Cartilage tissue engineering: uses of injection molding and computer aided design for the fabrication of complex geometries with high dimensional tolerances: a dissertation
AuthorsHott, Morgan E.
Faculty AdvisorCelia Schiffer, Ph.D.
UMass Chan AffiliationsBiochemistry and Molecular Pharmacology
Document TypeDoctoral Dissertation
MetadataShow full item record
AbstractCartilage Tissue Engineering. Joint pain and functional impairment due to cartilage damage from osteoarthritis and other means is a major source of disability for adults the world over. Cartilage is an avascular tissue with a very limited capacity for self repair. Current medical and surgical approaches to cartilage repair also have limited efficacy, and in all cases fail to completely restore a normal, healthy cartilage phenotype. Tissue engineering is a relatively new approach to cartilage repair that seeks to fabricate a replacement tissue, indistinguishable from healthy, native tissue. The basic idea of the tissue engineering approach is to seed tissue synthesizing cells into a shapeable, biocompatible/bioabsorbable scaffold that serves as a temporary extracellular matrix with a localized source of bioactive molecules to direct the development of new tissue. The challenge of tissue engineering is to identify cells, scaffolds, and growth conditions that will be optimal for tissue regeneration. The goal of the current studies was to evaluate one aspect of all three of the major components of cartilage tissue engineering: cell source, scaffolding material and preparation, and controlled growth factor delivery. We evaluated the chondrogenic potential of human nasal chondrocytes grown in calcium alginate in an in vivo culture system, the potential of computer-aided design and injection molding with calcium alginate to reliably reproduce complex geometries with high dimensional tolerances, and the potential for the controlled release of TGF-β1 from calcium alginate modified by the covalent addition of a recently discovered TGF-β binding peptide. We found that adult human nasal chondrocytes show significant chondrogenic potential when grown within an alginate scaffold. We also found that alginate is readily amenable to an injection molding process that utilizes precision made molds from computer-aided design and solid free form fabrication, allowing for the fabrication of tissue engineered constructs with very precise shape fidelity. Additionally, we found that calcium alginate could be reliably modified by the covalent addition of peptides, and that the addition of a newly discovered TGF-β binding peptide delayed the release of pre-loaded TGF-β1. Together these results show some of the encouraging prospects for cartilage tissue engineering. `Menière’s Syndrome.Menière’s syndrome is an inner ear disorder characterized by idiopathic endolymphatic hydrops with associated periodic tinnitus, vertigo, and progressive sensorineural hearing loss. It affects approximately 0.2% of the population, for whom it can be quite devastating. In addition to progressive hearing loss people with Menière’s syndrome are prone to sudden attacks of vertigo and tinnitus that are severe enough that they can lead to falls and potentially serious injury. People subject to frequent attacks are unable to drive, with obvious consequences on standard of living. In the current studies we evaluated the standard animal model of Menière’s syndrome by comparing cochlear turn specific hearing thresholds and the degree of hydrops in that turn. A positive correlation between these had previously been established in the study of human temporal bones from people with Menière’s syndrome, but had not been reported in the animal model. We also evaluated the potential of aminoguanidine, a relatively specific inhibitor of the inducible isoform of nitric oxide synthase, as a neuroprotective therapeutic agent for preservation of hearing in animals with surgically induced endolymphatic hydrops. We found, for the first time, a partial correlation between cochlear turn specific hydrops and hearing thresholds in the most commonly used animal model of Menière’s syndrome, helping to validate the utility of this animal model for future studies. We also found that aminoguanidine did indeed partially preserve hearing in animals with surgically induced Menière’s syndrome. This encouraging result appears to be the first report of a medical intervention protective against hearing loss in an animal model of Menière’s syndrome, and may help us to understand the etiology pathology seen in Menière’s syndrome.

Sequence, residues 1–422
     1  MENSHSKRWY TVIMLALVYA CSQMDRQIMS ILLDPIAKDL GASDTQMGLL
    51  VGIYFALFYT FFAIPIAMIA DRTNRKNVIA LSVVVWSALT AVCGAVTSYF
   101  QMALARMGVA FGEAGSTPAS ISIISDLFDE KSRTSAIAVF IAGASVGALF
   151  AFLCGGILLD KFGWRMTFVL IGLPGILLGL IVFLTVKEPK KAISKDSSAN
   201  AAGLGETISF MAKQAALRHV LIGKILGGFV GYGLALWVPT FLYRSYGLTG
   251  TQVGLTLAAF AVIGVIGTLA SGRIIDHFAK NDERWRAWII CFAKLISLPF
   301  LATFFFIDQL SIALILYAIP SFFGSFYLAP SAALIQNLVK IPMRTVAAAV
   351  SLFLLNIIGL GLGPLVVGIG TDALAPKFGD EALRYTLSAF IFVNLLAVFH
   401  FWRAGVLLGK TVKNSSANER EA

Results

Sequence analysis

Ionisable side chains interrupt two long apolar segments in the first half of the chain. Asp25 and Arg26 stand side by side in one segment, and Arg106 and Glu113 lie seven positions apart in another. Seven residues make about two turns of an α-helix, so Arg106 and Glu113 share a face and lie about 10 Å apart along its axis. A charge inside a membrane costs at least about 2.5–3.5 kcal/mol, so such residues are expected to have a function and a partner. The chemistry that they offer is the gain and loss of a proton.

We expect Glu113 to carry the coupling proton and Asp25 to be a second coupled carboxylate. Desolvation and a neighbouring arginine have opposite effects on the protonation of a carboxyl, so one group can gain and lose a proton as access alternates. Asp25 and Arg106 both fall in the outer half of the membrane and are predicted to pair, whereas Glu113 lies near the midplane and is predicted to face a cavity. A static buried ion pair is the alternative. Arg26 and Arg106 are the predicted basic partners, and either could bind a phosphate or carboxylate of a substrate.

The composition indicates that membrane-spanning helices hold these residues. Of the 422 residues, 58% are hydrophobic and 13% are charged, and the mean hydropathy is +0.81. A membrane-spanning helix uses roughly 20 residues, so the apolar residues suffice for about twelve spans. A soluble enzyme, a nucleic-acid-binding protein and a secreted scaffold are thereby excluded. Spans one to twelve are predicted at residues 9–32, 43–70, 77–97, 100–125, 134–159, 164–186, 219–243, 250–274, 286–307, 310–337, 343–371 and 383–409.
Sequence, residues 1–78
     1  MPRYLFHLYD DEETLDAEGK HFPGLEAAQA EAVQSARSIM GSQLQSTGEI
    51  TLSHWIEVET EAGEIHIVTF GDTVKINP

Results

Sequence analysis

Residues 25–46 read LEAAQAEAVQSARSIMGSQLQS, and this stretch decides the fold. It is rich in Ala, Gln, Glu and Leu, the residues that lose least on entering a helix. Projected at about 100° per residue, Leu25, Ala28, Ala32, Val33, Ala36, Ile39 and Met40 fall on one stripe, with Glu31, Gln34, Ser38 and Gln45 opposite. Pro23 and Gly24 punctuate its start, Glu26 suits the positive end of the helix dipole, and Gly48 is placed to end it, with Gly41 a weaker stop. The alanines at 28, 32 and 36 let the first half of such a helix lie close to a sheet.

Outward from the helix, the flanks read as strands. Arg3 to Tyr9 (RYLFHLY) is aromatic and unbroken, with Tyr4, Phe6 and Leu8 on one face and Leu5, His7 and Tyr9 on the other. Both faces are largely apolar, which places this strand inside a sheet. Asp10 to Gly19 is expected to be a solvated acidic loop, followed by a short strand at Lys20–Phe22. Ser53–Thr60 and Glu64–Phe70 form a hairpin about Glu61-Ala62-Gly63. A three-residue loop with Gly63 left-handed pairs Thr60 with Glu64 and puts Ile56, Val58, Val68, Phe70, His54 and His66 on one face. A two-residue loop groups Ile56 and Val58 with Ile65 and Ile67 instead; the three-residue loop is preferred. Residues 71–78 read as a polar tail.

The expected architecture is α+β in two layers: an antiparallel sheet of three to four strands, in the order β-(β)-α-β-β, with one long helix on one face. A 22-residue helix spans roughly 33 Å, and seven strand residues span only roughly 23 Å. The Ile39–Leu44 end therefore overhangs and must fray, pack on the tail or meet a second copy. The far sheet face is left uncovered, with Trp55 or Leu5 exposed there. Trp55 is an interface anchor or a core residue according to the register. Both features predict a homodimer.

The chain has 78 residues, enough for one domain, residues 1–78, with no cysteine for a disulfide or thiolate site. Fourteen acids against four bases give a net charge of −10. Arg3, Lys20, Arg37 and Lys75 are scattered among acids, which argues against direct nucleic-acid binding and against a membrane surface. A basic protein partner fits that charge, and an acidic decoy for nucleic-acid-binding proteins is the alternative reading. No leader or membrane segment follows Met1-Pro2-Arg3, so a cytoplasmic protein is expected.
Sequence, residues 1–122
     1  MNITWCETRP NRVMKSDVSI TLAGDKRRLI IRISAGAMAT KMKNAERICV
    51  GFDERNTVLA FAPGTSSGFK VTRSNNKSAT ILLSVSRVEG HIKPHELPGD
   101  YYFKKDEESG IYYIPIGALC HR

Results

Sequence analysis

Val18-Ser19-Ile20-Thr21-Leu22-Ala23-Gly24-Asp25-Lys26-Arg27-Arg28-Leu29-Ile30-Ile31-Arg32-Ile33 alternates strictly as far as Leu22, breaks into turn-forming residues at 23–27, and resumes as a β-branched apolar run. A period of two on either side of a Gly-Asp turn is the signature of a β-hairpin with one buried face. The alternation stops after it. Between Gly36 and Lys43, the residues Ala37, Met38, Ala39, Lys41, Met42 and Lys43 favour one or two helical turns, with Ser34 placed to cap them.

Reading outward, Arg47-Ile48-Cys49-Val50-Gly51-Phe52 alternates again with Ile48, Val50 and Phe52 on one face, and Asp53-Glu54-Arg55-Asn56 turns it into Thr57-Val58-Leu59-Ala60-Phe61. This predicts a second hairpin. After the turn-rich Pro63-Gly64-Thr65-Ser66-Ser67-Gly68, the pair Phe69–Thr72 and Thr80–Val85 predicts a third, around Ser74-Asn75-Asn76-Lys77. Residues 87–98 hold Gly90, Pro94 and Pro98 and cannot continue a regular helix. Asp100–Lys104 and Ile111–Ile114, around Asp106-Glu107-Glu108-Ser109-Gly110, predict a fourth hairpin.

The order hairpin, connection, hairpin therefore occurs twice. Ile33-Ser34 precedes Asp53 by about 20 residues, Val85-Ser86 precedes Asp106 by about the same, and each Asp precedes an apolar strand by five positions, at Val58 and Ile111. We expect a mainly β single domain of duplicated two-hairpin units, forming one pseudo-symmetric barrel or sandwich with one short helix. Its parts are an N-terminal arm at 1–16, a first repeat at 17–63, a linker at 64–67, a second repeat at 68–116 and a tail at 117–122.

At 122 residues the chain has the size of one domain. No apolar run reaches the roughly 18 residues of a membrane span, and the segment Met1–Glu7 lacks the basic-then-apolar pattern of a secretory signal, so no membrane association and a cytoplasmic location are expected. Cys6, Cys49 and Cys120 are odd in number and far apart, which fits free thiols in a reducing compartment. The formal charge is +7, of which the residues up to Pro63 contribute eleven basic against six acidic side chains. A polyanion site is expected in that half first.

Permanent Link to this Itemhttp://hdl.handle.net/20.500.14038/31642
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